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U.N. ambassador declares loyalty to ousted Myanmar government

The Columbian
Published:
13 Photos
Buddhist monks lead an anti-coup protest march in Mandalay, Myanmar, Saturday, Feb. 27, 2021. Myanmar security forces cracked down on anti-coup protesters in the country's second-largest city Mandalay on Friday, injuring at least three people, two of whom were shot in the chest by rubber bullets and another who suffered a wound on his leg.
Buddhist monks lead an anti-coup protest march in Mandalay, Myanmar, Saturday, Feb. 27, 2021. Myanmar security forces cracked down on anti-coup protesters in the country's second-largest city Mandalay on Friday, injuring at least three people, two of whom were shot in the chest by rubber bullets and another who suffered a wound on his leg. "CRPH" in the placards stand for "Committee Representing Pyidaungsu Hluttaw." (AP Photo) (Associated Press) Photo Gallery

YANGON, Myanmar — Police in Myanmar escalated their crackdown on demonstrators against this month’s military takeover, deploying early and in force on Saturday as protesters sought to assemble in the country’s two biggest cities and elsewhere.

Security forces in some areas appeared to become more aggressive in using force and making arrests, utilizing more plainclothes officers than had previously revealed themselves. Photos posted on social media showed that residents of at least two cities, Yangon and Monywa, resisted by erecting makeshift street barricades to try to hinder the advance of the police.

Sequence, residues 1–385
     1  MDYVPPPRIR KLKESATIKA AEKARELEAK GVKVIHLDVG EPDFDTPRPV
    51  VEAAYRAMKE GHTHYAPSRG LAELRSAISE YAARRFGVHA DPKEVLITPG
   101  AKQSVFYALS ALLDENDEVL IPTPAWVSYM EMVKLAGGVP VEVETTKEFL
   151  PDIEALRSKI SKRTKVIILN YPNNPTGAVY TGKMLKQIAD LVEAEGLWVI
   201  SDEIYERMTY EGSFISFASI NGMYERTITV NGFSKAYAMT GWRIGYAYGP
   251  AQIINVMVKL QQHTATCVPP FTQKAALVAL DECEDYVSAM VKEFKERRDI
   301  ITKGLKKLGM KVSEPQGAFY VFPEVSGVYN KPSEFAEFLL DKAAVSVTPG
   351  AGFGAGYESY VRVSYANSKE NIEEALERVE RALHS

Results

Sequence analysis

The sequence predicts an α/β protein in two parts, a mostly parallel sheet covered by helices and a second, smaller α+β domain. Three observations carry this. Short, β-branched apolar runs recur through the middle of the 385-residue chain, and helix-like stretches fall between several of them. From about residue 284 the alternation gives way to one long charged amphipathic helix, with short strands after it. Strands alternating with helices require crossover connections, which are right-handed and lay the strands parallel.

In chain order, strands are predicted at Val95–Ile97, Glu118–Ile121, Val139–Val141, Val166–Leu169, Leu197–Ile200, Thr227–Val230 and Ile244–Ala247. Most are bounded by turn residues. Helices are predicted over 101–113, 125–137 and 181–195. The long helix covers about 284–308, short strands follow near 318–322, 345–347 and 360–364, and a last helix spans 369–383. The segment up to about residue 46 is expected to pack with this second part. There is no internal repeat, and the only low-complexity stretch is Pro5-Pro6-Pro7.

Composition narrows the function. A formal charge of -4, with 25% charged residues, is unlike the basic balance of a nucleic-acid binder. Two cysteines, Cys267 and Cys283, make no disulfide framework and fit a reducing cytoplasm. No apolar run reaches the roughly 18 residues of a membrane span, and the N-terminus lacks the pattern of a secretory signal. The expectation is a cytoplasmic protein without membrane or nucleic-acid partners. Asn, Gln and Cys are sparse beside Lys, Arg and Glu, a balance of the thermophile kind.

Myanmar’s crisis took a dramatic turn on the international stage at a special session of the United Nations General Assembly on Friday when the country’s U.N. ambassador declared his loyalty to the ousted civilian government of Aung San Suu Kyi and called on the world to pressure the military to cede power.

There were arrests Saturday in Myanmar’s two biggest cities, Yangon and Mandalay, where demonstrators have been hitting the streets daily to peacefully demand the restoration of the government of Suu Kyi, whose National League for Democracy party won a landslide election victory in November. Police have increasingly been enforcing an order by the junta banning gatherings of five or more people.

Many other cities and towns have also hosted large protests against the Feb. 1 coup.

Police in Dawei, in the southeast, and Monywa, 85 miles northwest of Mandalay, used force against protesters. Both cities, with populations of less then 200,000, have been seeing large demonstrations.

Social media carried unconfirmed reports of a protester shot dead in Monywa. The reports could not immediately be independently confirmed but appeared credible, with both photos and identification of the victim, though later accounts said the woman had not died. The reports from Monywa also said dozens or more people were arrested.

The military takeover reversed years of slow progress toward democracy after five decades of military rule. Suu Kyi’s party would have been installed for a second five-year term in office, but the army blocked Parliament from convening and detained her and President Win Myint, as well as other top members of her government.

At the General Assembly in New York, Myanmar’s U.N. ambassador, Kyaw Moe Tun, declared in an emotional speech to fellow delegates that he represented Suu Kyi’s “civilian government elected by the people” and supported the fight against military rule.

MRTV, a Myanmar state-run TV channel, broadcast an announcement Saturday from the Foreign Ministry that Kyaw Moe Tun has been dismissed from his post because he had abused his power and misbehaved by failing to follow the instructions of the government and betraying it.

Kyaw Moe Tun had urged all countries to issue public statements strongly condemning the coup, and to refuse to recognize the military regime. He also called for stronger international measures to stop violence by security forces against peaceful demonstrators.

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